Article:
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Lottery, casino bill moves to Alabama House of Representatives

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A bill to allow a lottery, casinos and sports betting now moves to the Alabama House of Representatives.

The Alabama Senate passed the bill Tuesday night.

Speaker of the House Mac McCutcheon tells ABC 33/40 he is now reviewing the bill.

The bill's sponsor, senator Jim Mcclendon (R- Springville) wanted to pass a simple lottery bill.

“What I wanted to do was pass a simple, straight forward lottery, didn’t get involved in anyone else’s business, all it did was give Alabamians an opportunity to have a vote if they wanted a lottery or not,” said McClendon. “But Lauren, I couldn’t get that bill passed, I didn’t have the votes.”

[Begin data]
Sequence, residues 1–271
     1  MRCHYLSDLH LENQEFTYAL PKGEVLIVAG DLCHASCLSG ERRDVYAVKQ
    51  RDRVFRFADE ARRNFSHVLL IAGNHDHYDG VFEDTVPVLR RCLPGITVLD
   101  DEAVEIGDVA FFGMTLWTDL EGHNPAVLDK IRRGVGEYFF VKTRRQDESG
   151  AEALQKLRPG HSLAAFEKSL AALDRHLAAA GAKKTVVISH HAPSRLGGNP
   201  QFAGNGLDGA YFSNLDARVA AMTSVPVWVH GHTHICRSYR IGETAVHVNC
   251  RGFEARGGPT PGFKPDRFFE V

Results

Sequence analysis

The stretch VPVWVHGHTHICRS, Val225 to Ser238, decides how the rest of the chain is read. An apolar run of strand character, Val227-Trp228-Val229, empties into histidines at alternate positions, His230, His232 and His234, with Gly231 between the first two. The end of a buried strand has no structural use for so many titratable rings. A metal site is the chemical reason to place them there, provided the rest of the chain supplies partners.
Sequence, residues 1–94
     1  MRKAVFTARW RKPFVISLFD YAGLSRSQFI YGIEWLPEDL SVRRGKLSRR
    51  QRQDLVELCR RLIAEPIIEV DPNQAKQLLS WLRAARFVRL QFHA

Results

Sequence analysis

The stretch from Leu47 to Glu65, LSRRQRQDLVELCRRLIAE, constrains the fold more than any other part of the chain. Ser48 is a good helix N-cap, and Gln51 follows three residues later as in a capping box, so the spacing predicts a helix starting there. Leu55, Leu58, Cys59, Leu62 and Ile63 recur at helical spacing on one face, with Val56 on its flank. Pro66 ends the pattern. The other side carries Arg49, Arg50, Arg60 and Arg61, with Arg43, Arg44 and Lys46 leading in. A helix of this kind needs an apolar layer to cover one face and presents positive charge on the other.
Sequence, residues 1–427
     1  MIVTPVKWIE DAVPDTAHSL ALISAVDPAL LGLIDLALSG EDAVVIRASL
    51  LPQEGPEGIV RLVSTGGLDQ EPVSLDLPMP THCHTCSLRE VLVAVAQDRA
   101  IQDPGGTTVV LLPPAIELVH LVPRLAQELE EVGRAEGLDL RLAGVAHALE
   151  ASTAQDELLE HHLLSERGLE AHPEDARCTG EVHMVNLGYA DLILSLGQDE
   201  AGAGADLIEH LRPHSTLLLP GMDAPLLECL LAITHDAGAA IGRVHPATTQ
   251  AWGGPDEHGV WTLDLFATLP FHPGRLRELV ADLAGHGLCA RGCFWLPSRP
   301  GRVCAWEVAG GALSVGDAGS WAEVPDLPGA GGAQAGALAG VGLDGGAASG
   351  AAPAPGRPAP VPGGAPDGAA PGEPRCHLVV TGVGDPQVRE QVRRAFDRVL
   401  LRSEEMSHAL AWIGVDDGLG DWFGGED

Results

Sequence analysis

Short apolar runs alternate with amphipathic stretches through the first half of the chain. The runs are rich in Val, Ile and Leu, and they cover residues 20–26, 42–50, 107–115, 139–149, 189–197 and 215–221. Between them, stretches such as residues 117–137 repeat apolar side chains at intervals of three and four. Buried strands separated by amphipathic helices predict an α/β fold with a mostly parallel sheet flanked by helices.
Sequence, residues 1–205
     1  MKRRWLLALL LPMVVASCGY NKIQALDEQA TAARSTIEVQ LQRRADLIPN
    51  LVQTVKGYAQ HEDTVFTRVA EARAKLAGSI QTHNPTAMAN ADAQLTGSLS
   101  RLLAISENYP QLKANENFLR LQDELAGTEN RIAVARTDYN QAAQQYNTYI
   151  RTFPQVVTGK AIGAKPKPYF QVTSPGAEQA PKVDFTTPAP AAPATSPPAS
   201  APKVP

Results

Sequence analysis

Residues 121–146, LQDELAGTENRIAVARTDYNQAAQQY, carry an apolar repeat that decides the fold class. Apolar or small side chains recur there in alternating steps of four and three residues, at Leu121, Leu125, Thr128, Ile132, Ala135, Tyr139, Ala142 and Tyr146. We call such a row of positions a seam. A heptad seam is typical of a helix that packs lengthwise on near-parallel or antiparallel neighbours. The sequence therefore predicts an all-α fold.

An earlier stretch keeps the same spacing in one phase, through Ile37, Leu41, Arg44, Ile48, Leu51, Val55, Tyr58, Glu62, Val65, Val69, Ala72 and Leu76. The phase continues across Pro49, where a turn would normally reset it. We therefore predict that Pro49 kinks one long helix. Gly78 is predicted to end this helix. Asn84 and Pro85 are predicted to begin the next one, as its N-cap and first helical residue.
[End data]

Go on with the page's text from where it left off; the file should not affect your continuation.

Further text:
Birmingham Race Course and Greenetrack are two of six sites in Alabama that could offer casino style table games if a proposed constitutional amendment passes.

McClendon says the bill is now similar to a gaming proposal rejected last month.

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The lottery, casinos and sports betting combined are estimated to bring in between $510 million and $710 million annually.

"There will be money going to higher ed,” McClendon said. “There will be money going to the education budget. There will be money going to infrastructure, something to help with the broadband situation particularly in remote and rural areas in Alabama.”

Some of the money would also be used to offset the state's grocery tax, reducing it by two percent in 2023.

The proposal now moves to the House, where more changes are likely to be made.

“I had somebody tell me this morning they have votes to spare down there to pass it,” McClendon said. “And I’ve had other House members say I’d rather have a simple lottery bill. So guess what? It’s a gamble.”

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If the House passes the proposed constitutional amendment, voters would have the final say in the 2022 general election.

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